SINGG Survey Presents: Messier 83


  Gas-rich galaxies display a wide range of structures and properties, but one thing they all seem to have are some newly formed stars. Images from the Survey for Ionization in Neutral Gas Galaxies (SINGG), an NOAO Survey Program (obtained with the CTIO 1.5m telescope), are designed to highlight areas of star formation in gas rich galaxies.
  
  This image shows Messier 83 (M83), one of the brightest spiral galaxies. The disks of these classic galaxies (what one usually thinks of when hearing the word), form when the gas in the system collapses.
  
  The spiral pattern is caused by a density wave in the disk which can cause enhanced star formation along the arms to make a grand design spiral. M83 hosts a strong starburst in its nuclear regions which appears white in this image.
  
  The image is displayed so that stars have a cyan-blue appearance, while ionized hydrogen (H-alpha) emission appears orange-red to yellow. The H-alpha emission marks where the gas in the galaxies has been stripped of electrons, and is now recombining. It takes very hot O stars to ionize the gas; these stars have very short lifetimes (a few million years). As a result, red tones in these images typically mark the location of newly formed hot stars.

SINGG Survey Presents: Messier 83

Gas-rich galaxies display a wide range of structures and properties, but one thing they all seem to have are some newly formed stars. Images from the Survey for Ionization in Neutral Gas Galaxies (SINGG), an NOAO Survey Program (obtained with the CTIO 1.5m telescope), are designed to highlight areas of star formation in gas rich galaxies.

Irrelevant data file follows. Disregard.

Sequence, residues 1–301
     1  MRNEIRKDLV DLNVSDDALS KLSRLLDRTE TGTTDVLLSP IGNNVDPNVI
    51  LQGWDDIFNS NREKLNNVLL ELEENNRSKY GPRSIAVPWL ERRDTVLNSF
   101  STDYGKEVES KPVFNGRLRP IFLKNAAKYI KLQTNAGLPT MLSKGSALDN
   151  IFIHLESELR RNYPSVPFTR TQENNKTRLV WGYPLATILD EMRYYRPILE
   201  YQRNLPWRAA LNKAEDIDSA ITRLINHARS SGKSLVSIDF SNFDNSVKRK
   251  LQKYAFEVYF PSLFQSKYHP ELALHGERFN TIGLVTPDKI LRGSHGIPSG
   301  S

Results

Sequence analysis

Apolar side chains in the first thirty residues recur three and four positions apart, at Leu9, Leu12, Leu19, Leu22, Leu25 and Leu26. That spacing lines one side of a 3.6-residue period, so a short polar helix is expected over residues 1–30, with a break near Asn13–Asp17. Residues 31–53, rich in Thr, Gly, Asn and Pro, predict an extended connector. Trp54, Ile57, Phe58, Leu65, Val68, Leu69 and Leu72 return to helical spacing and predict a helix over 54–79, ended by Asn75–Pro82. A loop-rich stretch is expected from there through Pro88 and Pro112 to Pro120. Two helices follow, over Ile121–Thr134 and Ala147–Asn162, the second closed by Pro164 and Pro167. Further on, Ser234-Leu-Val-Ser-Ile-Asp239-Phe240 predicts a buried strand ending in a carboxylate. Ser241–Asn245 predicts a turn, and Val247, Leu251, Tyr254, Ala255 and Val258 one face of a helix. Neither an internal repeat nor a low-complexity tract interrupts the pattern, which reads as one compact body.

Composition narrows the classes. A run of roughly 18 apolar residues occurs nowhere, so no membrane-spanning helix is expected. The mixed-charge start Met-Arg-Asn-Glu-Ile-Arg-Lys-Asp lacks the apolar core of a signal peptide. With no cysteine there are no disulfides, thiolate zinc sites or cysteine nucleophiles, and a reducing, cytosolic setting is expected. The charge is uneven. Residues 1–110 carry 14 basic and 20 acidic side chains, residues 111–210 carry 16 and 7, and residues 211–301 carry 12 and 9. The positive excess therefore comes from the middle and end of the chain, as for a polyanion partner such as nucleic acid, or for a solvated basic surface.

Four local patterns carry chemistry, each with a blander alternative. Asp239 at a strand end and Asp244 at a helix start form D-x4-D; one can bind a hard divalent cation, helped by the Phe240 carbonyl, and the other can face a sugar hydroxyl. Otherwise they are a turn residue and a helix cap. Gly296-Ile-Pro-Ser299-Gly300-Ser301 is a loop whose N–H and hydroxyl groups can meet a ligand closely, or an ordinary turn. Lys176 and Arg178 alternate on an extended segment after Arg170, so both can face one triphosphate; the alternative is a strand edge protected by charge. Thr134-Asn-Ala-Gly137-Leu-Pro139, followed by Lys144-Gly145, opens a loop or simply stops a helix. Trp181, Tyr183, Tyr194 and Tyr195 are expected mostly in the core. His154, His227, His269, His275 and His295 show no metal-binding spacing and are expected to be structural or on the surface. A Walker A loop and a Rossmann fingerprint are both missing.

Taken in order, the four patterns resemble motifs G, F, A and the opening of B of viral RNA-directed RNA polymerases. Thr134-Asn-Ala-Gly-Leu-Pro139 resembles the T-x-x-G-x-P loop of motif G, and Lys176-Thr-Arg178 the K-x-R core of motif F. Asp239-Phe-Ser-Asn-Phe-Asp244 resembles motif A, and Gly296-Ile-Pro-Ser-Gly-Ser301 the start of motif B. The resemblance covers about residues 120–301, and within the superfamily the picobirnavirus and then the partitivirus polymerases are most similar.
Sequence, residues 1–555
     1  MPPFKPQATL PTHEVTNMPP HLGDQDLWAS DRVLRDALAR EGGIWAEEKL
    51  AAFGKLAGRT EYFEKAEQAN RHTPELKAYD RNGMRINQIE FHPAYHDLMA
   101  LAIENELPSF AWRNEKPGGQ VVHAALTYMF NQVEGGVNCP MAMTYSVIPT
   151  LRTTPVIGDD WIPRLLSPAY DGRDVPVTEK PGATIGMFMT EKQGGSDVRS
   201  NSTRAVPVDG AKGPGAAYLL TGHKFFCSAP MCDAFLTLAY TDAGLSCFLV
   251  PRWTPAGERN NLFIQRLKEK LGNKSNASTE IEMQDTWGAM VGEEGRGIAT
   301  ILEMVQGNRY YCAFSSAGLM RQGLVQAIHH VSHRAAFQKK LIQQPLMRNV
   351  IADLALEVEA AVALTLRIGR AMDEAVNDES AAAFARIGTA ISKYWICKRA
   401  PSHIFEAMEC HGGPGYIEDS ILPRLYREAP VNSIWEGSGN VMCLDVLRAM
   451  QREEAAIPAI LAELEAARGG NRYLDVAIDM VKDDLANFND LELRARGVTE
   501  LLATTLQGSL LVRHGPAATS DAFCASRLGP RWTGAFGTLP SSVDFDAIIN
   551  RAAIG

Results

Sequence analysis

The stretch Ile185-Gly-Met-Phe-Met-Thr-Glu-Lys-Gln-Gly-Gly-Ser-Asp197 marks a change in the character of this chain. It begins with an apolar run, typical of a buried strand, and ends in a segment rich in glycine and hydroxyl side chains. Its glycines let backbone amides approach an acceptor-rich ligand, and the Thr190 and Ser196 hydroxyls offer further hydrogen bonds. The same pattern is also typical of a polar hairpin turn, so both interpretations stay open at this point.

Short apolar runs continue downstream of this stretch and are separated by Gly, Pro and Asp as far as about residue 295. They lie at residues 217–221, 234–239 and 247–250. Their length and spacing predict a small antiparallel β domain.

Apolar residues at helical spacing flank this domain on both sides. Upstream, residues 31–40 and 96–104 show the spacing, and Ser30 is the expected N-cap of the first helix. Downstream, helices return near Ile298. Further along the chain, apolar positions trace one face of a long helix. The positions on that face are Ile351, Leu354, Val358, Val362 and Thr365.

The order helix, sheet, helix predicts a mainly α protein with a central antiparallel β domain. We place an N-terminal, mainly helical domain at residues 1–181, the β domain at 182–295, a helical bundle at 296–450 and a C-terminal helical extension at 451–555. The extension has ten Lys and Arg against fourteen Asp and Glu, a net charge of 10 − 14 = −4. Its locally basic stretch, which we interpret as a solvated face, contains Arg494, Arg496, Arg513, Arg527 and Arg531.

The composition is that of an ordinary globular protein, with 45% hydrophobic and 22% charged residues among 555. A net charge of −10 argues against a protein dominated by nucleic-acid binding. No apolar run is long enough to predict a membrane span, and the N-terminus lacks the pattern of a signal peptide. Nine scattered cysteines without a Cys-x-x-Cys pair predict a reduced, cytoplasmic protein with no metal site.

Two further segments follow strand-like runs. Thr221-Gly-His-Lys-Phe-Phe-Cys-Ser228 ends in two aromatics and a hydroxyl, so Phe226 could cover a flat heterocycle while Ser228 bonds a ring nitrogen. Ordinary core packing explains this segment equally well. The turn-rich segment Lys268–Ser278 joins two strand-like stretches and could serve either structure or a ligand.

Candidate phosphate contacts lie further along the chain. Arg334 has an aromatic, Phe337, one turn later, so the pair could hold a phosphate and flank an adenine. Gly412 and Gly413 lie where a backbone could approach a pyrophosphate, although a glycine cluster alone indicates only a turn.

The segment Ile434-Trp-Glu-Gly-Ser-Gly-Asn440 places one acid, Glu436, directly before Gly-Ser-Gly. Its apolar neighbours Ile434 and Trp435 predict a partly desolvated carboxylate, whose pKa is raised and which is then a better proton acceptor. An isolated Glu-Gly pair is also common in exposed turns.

This image shows Messier 83 (M83), one of the brightest spiral galaxies. The disks of these classic galaxies (what one usually thinks of when hearing the word), form when the gas in the system collapses.

The spiral pattern is caused by a density wave in the disk which can cause enhanced star formation along the arms to make a grand design spiral. M83 hosts a strong starburst in its nuclear regions which appears white in this image.

The image is displayed so that stars have a cyan-blue appearance, while ionized hydrogen (H-alpha) emission appears orange-red to yellow. The H-alpha emission marks where the gas in the galaxies has been stripped of electrons, and is now recombining. It takes very hot O stars to ionize the gas; these stars have very short lifetimes (a few million years). As a result, red tones in these images typically mark the location of newly formed hot stars.